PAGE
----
General Motors CEO stonewalls House committee on ignition scandal

A congressional hearing held Tuesday on General Motors’ delayed recall of vehicles with a defective ignition switch linked to fatal crashes followed a well-trodden path. The purpose of the event was to give the appearance of a probe into GM’s decision to cover up safety issues with its Chevrolet Cobalt, Saturn Ion and other models in the interest of cutting costs, while in reality letting the company and its top management off the hook.

Evidence is now overwhelming that GM management knew for over 10 years that the ignition switches of a number of its models could be jarred out of the “on” position, disabling power steering, power brakes and airbags, but the company did not order a recall. At one point, engineers identified the problem and proposed a fix, but GM rejected it as too expensive.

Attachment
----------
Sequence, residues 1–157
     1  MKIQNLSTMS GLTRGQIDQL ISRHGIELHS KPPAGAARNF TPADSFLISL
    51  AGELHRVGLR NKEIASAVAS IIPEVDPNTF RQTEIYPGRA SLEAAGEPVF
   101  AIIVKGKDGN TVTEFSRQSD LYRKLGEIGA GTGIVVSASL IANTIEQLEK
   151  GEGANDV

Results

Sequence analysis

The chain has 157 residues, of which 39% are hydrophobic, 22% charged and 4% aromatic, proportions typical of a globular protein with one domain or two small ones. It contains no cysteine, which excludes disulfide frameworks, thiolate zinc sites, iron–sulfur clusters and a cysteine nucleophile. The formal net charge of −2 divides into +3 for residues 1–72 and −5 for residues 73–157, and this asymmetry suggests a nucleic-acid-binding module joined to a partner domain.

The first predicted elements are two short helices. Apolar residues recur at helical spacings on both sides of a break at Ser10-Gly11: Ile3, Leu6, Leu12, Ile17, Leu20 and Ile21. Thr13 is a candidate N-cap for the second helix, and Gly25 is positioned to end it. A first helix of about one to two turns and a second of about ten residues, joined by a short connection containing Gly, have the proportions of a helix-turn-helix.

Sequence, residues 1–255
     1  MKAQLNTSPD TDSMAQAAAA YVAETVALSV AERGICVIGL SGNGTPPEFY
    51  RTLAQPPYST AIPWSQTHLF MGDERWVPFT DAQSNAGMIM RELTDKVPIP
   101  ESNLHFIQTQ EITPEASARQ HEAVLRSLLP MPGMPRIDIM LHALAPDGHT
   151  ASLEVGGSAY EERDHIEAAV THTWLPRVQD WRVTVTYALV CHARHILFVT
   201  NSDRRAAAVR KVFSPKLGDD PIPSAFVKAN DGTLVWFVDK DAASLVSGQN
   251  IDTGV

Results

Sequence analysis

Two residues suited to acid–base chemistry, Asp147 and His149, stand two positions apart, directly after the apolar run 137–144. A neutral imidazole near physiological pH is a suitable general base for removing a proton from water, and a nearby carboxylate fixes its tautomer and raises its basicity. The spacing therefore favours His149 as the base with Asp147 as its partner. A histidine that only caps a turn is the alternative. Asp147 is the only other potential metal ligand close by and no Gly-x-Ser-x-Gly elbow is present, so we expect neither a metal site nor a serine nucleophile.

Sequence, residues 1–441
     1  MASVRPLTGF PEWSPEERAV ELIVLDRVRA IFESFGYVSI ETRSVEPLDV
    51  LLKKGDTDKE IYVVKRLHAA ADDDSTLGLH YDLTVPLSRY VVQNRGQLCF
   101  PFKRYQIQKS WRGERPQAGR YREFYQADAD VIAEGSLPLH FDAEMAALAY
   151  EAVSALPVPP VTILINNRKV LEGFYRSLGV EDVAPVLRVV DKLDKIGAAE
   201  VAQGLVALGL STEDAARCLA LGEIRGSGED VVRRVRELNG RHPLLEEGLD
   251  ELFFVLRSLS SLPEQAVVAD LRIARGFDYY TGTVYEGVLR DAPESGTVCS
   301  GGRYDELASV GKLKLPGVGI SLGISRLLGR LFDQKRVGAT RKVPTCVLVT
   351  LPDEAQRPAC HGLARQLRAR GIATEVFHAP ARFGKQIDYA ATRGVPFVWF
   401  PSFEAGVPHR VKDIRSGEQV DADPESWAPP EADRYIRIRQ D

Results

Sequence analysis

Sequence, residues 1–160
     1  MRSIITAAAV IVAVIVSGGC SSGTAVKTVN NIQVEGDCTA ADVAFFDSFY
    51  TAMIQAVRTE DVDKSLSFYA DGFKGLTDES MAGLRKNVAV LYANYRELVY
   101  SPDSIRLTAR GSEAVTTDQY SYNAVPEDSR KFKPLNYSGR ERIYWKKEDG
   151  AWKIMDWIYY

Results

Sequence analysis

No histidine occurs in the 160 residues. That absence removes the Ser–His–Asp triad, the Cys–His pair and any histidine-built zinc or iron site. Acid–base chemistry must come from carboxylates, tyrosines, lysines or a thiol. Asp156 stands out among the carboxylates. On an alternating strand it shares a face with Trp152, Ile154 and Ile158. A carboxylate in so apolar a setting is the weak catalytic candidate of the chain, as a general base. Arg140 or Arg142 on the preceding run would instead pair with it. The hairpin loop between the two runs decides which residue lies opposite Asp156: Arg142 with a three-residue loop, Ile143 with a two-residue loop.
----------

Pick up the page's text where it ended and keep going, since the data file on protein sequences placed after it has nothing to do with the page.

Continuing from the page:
The National Highway Traffic Safety Administration (NHTSA) was also aware of the problem, but never launched a formal investigation or ordered a recall.

In recent weeks, the largest US auto company has recalled more than 2.5 million vehicles because of the faulty ignition switches, having acknowledged that 13 people died in crashes as a result of the defect. The actual number of fatalities is likely far higher. One study found 303 fatal crashes between 2002 and 2012 involving the Cobalt and Ion where airbags did not deploy. The recalled vehicles are low-cost models and it appears that many of the drivers and passengers killed were young people.

The Subcommittee on Oversight and Investigations of the House Committee on Energy and Commerce called as witnesses General Motors CEO Mary Barra and David Friedman, the acting administrator of NHTSA. The hearing dragged on for four hours with few penetrating questions asked and little new information revealed.

Committee members treated Barra with deference, despite her stonewalling. In her opening remarks to the committee, Barra, who was vice president of global engineering at GM in 2008-2009, denied having any knowledge until earlier this year of the ignition switch problem. She assumed the post of chief executive this past January.